However, he goes on to say, “And yet, how nature erring from itself—” (III.iii.228). This indicates that, perhaps deep down, Othello believes that it is in Desdemona’s inherent nature to favor men of her own race. Iago draws upon Othello's doubt and says, “Her will, recoiling to her better judgment/May fall to match you with her country forms/and happily repent” (III.iii.226-28). By saying this, Iago implies that Desdemona compares Othello with other white Venetian men and regrets her marriage. Persuaded by Iago's words, Othello starts to believe that Desdemona is cheating on him because he is black.
Left alone with these thoughts, Othello states “I’ld whistle her off and let her down the wind/To prey at fortune (III.iii.263-64). His words suggest that if Desdemona was proven false, he would cast her out of his household. However, after he brings up the issue of his own race and recognizes how he is different from the rest of society, Othello lashes out in anger at Desdemona, the scapegoat for his overpowering sense of self-loathing:
Haply, for I am black
And have not those soft parts of conversation
That chamberers have, or for I am declin’d
Into the vale of years (yet that’s not much)
She’s gone. I am abus’d: and my relief
Must be to loathe her (III.iii.264-69)
Othello does not just criticize Desdemona for her infidelity nor condemns her for her sins, but he, in a way, justifies her actions by assuming that his own race-related weaknesses motivated her to have an affair with another man. This quote shows a change in Othello. He begins to hate Desdemona because he now believes that she cheated on him because of his race. He will not be content with just throwing her out, but is now consumed with loathing because he believes her cheating and discrimination has caused him to feel pain and inferiority.
Othello's Character Comes Into Question
As Iago continues to supply Othello with 'proof' of Desdemona’s supposed infidelity, Othello is further consumed with rage and jealousy. When Lodovico comes to deliver a letter to Othello, Desdemona makes a comment which Othello assumes is about her other lover, and he slaps her. Lodovico is shocked at this rash behavior, which is so out of character, and tells Othello: “My lord, this would not be believ’d in Venice/Though I should swear I saw ‘t; ‘til very much” (IV.i.225-26). He goes on to question Othello’s reputation after such an act, saying:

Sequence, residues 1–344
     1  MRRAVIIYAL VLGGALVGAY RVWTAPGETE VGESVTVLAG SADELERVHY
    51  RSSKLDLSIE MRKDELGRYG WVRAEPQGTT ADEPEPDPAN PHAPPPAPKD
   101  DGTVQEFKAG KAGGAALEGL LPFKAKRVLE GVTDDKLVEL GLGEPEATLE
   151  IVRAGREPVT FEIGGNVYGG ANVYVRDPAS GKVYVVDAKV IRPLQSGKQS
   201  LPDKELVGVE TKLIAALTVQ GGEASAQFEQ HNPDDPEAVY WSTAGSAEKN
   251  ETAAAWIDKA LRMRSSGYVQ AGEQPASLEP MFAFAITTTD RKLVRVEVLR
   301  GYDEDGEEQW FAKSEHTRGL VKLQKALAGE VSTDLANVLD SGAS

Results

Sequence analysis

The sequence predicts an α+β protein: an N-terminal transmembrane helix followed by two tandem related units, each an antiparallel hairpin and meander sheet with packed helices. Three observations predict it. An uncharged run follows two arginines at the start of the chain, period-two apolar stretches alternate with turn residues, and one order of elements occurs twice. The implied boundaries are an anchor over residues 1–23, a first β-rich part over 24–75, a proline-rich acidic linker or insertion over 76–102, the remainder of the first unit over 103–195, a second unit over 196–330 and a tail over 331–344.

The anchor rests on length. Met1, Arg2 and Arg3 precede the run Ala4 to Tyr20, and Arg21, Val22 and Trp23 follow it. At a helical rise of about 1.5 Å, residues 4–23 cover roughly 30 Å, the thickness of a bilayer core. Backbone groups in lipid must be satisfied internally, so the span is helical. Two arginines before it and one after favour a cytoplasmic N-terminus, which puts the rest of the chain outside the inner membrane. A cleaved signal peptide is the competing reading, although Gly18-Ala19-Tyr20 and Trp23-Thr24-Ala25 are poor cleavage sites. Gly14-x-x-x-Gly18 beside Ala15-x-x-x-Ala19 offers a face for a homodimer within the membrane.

Is this the noble Moor whom our full senate
Call all in all sufficient? Is this the nature
Whom passion could not shake? Whose solid virtue
The shot of accident, nor dart of chance,
Could neither graze nor pierce? (IV.i.245-49)
Othello becomes even more rash when he calls Desdemona a whore, and Emilia, Iago’s wife, exclaims: “Here’s a change indeed!” (IV.ii.107). However, it is not until Othello commits the ultimate crime that his skin color is held against him. They condemn his race because they struggle to find a meaning for this sudden and seemingly unprovoked action.
When Othello murders his wife, it forces those who formerly respected and admired him, and those who held him to be equal on all levels, to use his skin color to explain his great misdeeds. For example, Emilia calls him a “blacker devil!” (IV.ii.132). On the topic of Desdemona’s supposed infidelity, Emilia states that Desdemona was true and “was too fond of her most filthy bargain” (IV.iii.157), contemptuously referring to Othello in racist terms. His race is now recognized and being utilized by those who Othello alienated through his irrational actions. If he had not been prompted through jealousy and his own sense of self-loathing, Othello would continue to have been regarded in high esteem by the rest of society.
Othello had previously lived a life free of racial discrimination, except for those few who envied and resented him, or feared he would sabotage their powers. These few used his race as a means of bringing about his destruction. For the rest of society, he was considered a noble and virtuous general, and his color was of little consequence. However, when Othello committed atrocious crimes because of his unfounded jealousy, those who had previously believed him to be admirable and good condemned him, not by criticing his character, but by criticizing his distinguishing racial characteristic: his color.